Victoria’s COVID restrictions soften announcement, including changes to masks, density limits and isolation rules

There will be virtually no COVID-19 rules in Victoria as the state hits a key benchmark, with Premier Daniel Andrews confirming the rules for mask, density, capacity and isolation will end before the weekend.

Victoria surpassed 88% double-dose vaccination coverage on Thursday and will reach 90% by the end of the weekend.

“We’re opening the place up and we’re going to keep it open,” Andrews said.

“Whether it’s 100,000 people at the CWM on Boxing Day, or a small group of people standing in their local pub drinking a beer, it’s the COVID-normal that every Victorian has built.”

The prime minister confirmed that as of 11:59 p.m. Thursday, there would be “almost no” rule across the state for those who are fully vaccinated.

Victorian Prime Minister Daniel Andrews addresses the media. Credit: SCOTT BARBOUR/AAPIMAGE


Starting at 11:59 p.m. Thursday, masks will only be required in high-risk environments, but they will also need to be worn in retail stores for a few additional weeks.

Masks will also still be required for staff and visitors to primary schools and for students in grades 3 to 6, for public service workers in reception areas, in public transport and in vehicles. of carpooling.

They will also need to be worn in hospitals and on airplanes.

But masks will no longer need to be worn in offices or when entering cafes, bars and restaurants.

Andrews said the rules on masks will change again by December 15 and from that date they will no longer need to be worn in retail stores.

Density and capacity ceilings

In time for the weekend, capacity caps will drop for outdoor and home gatherings.

There will also be no more density caps for restaurants, cafes and bars.

Dance floors and nightclubs can finally reopen to fully vaccinated people and stand at the scene can return.

There will still be a mask requirement, density limits, and caps in place for weddings, funerals, and places of worship if participants’ vaccination status is not verified.

Insulation changes of close contacts

There is also an overhaul of the close contact COVID-19 isolation orders.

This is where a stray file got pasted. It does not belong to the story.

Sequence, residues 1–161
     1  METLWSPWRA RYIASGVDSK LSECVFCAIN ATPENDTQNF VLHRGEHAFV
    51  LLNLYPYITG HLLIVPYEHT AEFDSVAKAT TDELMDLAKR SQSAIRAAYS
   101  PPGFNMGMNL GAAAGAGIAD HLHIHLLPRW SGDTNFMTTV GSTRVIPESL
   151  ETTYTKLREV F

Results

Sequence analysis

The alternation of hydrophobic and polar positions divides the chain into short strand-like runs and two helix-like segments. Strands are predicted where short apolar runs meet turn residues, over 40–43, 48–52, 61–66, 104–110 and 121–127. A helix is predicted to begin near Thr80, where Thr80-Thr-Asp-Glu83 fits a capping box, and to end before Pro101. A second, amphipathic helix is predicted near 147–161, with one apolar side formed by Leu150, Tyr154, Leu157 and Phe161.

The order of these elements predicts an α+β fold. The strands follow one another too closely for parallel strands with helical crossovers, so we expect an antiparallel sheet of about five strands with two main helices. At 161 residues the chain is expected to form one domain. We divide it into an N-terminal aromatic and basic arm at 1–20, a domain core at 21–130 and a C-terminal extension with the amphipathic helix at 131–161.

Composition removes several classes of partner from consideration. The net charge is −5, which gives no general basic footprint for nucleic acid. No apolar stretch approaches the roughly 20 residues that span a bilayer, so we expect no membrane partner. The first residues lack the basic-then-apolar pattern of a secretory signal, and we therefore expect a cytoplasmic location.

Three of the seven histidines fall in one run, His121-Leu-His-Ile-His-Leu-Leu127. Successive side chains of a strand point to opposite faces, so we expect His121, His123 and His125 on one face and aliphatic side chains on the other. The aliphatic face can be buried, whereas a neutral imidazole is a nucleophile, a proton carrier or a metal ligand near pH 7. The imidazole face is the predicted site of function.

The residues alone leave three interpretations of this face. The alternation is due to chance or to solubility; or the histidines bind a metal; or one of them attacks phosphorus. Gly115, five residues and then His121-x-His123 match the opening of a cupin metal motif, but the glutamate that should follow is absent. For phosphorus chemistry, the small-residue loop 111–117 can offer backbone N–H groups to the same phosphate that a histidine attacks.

Currently, fully vaccinated people who are in close contact with a known case must self-isolate for seven days and it is 14 days for unvaccinated people, including children under 12 years old.

But under the new rules, close contacts who are fully vaccinated only need to self-isolate until they test negative if the close contact is not in their household.

Those who have a positive case in their household will have to self-isolate for seven days if they are vaccinated, or 14 days if they are not vaccinated.

A person who tests positive for COVID-19 will have to self-isolate for 10 days, four days less than the current rules.

A person is seen exercising at Albert Park Lake in Melbourne.
A person is seen exercising at Albert Park Lake in Melbourne. Credit: JAMES ROSS/AAPIMAGE

While it’s already open, more changes are coming for retail purchases as well.

When 90% vaccine coverage is achieved, unvaccinated Victorians will no longer be allowed to shop in retail stores.

They will be able to shop at essential stores including supermarkets, drugstores and bottle stores.

This rule does not apply to people who benefit from an exemption or to children under 12 who cannot be vaccinated.

Increase in COVID cases on Thursday

Ahead of the announcement, Victoria saw another increase in COVID-19 cases, marking the first time the numbers were above 1,000 in five days.

On Thursday, the health department confirmed there were 1,007 new cases within 24 hours until midnight.

There have also been 12 other deaths linked to COVID-19.

The number of people hospitalized with COVID-19 in the state remains stable at 337.

Among them, 63 are in intensive care and 34 on a ventilator.

There were 996 cases recorded on Wednesday, 797 Tuesday, 860 Monday and 905 Sunday.

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